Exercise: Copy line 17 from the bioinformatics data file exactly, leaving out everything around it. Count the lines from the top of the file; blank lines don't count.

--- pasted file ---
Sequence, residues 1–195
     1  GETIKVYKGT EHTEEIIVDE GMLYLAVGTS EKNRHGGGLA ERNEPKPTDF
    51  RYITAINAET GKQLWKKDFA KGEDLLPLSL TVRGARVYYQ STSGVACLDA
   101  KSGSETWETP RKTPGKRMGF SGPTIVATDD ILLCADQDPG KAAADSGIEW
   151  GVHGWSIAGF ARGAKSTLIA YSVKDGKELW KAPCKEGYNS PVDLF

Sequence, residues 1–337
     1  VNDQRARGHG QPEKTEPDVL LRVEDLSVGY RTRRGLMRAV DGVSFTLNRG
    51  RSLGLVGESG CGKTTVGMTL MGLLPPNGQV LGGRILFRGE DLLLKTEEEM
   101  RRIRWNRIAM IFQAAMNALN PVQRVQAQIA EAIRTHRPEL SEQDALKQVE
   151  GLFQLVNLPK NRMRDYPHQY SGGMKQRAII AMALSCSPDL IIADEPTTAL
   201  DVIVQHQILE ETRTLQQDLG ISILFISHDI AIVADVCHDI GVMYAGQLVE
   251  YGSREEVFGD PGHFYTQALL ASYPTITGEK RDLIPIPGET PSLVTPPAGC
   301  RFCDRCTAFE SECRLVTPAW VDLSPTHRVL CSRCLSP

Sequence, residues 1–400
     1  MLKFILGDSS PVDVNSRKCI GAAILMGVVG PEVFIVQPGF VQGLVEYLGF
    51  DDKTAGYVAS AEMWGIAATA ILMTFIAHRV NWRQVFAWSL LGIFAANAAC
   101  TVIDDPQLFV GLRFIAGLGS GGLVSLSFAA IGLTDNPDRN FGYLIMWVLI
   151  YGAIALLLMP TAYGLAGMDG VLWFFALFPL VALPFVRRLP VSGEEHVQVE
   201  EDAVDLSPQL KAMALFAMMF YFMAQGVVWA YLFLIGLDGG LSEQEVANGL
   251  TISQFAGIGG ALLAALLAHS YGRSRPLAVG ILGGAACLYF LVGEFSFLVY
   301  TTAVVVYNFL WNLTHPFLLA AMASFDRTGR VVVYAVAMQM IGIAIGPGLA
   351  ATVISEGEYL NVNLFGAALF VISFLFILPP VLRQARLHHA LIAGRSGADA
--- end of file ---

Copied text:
   101  TVIDDPQLFV GLRFIAGLGS GGLVSLSFAA IGLTDNPDRN FGYLIMWVLI